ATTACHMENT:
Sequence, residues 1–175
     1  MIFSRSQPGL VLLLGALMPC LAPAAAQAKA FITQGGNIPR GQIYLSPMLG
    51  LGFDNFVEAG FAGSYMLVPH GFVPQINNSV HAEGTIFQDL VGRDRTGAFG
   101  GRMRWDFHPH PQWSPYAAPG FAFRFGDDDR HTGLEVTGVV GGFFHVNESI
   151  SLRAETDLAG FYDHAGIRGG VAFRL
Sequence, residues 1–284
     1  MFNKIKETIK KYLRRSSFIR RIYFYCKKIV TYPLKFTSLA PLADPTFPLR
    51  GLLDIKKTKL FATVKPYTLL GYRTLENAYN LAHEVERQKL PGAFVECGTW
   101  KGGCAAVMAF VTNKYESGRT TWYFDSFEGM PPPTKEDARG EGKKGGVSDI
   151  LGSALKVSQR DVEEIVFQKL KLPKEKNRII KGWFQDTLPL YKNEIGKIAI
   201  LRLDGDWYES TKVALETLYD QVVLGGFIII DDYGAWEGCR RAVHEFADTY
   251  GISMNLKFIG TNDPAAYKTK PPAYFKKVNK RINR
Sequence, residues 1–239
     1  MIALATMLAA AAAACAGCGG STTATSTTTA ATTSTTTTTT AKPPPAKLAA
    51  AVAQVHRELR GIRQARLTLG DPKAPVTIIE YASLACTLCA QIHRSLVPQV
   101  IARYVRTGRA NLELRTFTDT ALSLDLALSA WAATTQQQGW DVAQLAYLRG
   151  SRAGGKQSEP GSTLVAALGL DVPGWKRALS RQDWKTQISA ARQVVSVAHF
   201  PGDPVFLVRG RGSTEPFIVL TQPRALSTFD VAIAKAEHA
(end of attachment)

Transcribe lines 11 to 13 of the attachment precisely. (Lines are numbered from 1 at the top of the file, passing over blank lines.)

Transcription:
   201  LRLDGDWYES TKVALETLYD QVVLGGFIII DDYGAWEGCR RAVHEFADTY
   251  GISMNLKFIG TNDPAAYKTK PPAYFKKVNK RINR
Sequence, residues 1–239